Anyone had a toddler who was resistant to learning but is now thriving?(17 Posts)
DS is 26 months and has speech delay. He babbles constantly but only really says about 4 words.
I try my hardest to teach him things by looking through books together, doing body parts, numbers, colours etc but he just really doesn't want to know. If I read to him he will constantly try and close the book or find any noisy toy to operate so I have to stop talking. If I ask him questions that he knows I want him to answer, ie 'where is your tummy', he will occasionally show me correctly but most of the time run and hide under the table or leave the room.
He is great socially and doesn't show any signs of SEN apart from this speech delay. I'm just hoping it's an age thing, anyone else recognise the same from their DC?
Few toddlers want to be taught anything - learning is through expirence/play at that age. I never tried to teach numbers or colours.
He has toys that have colours and I will tell him what the colours are as he plays with them. How will he know otherwise?
I wouldn't think of it as being "resistant to learning" at this young age. He is learning, constantly, but his own interests and wants may not match what you would like to do with him.
I would stop asking him direct questions like the example you gave as it is making him run and hide. Have you got a SALT or similar helping with the speech delay? If so, I would ask if you can have some input into the best way of interacting and talking with him to encourage him.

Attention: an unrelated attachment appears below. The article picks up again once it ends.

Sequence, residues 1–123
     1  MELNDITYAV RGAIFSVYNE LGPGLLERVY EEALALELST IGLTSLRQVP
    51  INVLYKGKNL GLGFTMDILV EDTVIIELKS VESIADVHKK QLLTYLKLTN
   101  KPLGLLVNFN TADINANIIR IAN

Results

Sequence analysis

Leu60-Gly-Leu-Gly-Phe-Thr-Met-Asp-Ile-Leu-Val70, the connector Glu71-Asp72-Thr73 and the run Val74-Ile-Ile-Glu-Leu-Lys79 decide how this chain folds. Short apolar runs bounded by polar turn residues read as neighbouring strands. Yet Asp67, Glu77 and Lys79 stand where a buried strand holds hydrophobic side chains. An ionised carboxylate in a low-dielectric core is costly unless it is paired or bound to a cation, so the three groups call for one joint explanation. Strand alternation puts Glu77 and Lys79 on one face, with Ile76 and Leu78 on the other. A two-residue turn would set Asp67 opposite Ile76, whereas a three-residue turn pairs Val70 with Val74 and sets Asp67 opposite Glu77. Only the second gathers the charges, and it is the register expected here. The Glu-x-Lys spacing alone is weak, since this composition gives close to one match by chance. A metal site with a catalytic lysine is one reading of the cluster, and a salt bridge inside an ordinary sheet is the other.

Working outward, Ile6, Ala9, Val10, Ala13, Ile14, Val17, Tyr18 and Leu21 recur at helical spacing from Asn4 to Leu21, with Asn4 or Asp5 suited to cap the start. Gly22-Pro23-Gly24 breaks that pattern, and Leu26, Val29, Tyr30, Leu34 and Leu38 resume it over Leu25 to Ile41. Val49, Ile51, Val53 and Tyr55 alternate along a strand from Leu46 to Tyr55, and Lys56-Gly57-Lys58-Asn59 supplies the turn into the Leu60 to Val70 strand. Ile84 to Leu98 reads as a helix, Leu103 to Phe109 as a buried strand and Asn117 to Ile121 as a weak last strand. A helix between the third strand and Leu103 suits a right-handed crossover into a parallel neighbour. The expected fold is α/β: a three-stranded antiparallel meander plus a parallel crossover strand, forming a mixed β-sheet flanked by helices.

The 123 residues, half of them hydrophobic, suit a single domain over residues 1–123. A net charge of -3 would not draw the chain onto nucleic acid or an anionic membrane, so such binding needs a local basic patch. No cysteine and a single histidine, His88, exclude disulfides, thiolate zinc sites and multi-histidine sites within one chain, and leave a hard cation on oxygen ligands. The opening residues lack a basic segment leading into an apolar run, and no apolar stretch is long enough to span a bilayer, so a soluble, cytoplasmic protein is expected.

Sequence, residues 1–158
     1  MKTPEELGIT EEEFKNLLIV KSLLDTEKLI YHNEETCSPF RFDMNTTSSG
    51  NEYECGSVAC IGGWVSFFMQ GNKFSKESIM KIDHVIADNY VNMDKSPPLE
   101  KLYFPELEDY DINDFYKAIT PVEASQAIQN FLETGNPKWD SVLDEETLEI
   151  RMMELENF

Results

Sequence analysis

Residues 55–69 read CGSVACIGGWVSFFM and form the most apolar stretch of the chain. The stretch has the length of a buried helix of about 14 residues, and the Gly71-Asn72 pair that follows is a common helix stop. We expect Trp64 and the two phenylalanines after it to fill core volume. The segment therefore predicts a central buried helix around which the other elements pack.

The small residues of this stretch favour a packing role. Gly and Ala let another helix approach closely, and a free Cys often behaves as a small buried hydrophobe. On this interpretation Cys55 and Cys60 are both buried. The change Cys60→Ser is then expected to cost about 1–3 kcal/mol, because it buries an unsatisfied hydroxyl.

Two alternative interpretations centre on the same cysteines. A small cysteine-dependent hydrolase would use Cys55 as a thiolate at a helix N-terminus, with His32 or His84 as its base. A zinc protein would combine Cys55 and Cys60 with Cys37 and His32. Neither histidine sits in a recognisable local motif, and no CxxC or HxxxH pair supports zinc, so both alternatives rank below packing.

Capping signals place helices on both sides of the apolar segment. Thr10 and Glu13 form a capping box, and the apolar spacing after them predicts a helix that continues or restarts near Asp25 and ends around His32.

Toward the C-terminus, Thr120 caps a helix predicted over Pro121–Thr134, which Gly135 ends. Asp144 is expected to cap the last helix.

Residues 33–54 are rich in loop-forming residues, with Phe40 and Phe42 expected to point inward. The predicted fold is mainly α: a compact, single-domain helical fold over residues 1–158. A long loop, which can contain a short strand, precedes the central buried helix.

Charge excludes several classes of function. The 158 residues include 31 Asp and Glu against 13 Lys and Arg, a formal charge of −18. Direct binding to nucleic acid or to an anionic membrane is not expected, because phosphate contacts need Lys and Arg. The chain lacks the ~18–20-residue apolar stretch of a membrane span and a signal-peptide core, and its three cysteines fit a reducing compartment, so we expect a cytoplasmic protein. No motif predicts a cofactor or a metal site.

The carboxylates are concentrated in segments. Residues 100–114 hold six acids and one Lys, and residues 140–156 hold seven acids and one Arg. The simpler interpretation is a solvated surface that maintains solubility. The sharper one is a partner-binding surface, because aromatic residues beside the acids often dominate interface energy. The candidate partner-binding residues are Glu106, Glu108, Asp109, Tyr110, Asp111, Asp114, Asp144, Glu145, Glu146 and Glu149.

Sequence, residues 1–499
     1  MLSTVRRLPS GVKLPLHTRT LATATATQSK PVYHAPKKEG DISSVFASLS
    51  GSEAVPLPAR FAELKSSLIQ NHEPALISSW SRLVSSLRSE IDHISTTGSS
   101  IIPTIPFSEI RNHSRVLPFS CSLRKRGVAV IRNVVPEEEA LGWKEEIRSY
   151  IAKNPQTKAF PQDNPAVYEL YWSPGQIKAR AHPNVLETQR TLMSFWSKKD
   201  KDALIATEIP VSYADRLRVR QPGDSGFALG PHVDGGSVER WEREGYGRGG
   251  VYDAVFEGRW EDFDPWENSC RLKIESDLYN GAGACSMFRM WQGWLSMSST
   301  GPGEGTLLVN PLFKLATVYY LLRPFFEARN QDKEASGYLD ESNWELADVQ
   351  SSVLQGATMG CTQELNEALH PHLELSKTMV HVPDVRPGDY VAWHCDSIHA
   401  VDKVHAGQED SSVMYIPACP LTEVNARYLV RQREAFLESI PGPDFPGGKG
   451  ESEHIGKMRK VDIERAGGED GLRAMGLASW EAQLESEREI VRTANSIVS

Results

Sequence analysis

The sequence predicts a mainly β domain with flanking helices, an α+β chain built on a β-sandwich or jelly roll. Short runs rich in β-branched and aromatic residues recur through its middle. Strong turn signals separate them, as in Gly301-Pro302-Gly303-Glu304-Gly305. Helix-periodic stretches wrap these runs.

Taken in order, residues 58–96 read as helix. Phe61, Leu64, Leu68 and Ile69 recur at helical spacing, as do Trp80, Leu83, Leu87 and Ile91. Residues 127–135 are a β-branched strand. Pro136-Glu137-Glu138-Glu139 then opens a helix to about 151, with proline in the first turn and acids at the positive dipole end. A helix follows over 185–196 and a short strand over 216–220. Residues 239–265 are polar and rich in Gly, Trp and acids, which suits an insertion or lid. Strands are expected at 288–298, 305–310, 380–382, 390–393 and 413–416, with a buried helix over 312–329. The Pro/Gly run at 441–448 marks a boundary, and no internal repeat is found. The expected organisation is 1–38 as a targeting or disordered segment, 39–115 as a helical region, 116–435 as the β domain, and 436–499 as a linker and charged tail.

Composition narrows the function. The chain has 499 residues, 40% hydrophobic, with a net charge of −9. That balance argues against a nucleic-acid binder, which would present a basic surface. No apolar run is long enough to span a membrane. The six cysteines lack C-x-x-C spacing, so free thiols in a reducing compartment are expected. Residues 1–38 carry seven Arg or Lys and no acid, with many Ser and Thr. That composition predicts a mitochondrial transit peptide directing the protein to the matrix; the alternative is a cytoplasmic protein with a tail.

I'm definitely not an expert but some ideas that may help (apologies if these are things you already do):
Singing can be a really good way of encouraging a response without it becoming stressful. Sing favourite songs with him, and you leave off the last word of each line. Very often children will fill in the word themselves. If not just sing it yourself and carry on. If you keep doing this they will get the hang of what you're doing.
You can also sit next to him when playing and just do a commentary on what he's doing, without asking questions or trying to get a response from him. If you do this consistently, he should start to join in with you and offer his own contributions. If he says "car!" you can respond with "yes, a red car" or whatever, to show you have heard him and to model a slightly longer response.
With the books, rather than reading them "properly" with him, concentrate on describing the pictures to him or look at books with sound/movement to keep his attention. I would do this at a regular point each day, like just before bedtime or nap time so that he becomes used to it.
It sounds like normal toddler behaviour. They are learning all the time, but often not the things we want them to learn.
If you are concerned about the speech delay first step is to have his hearing tested to see if he has glue ear. This can cause speech delay as the hearing lost prevents this child from hearing sounds correctly.
Speech and language therapy is more effective the earlier it starts and the Nhs takes ages so maybe ask for a referral for an assessment. Don't let them fob you off.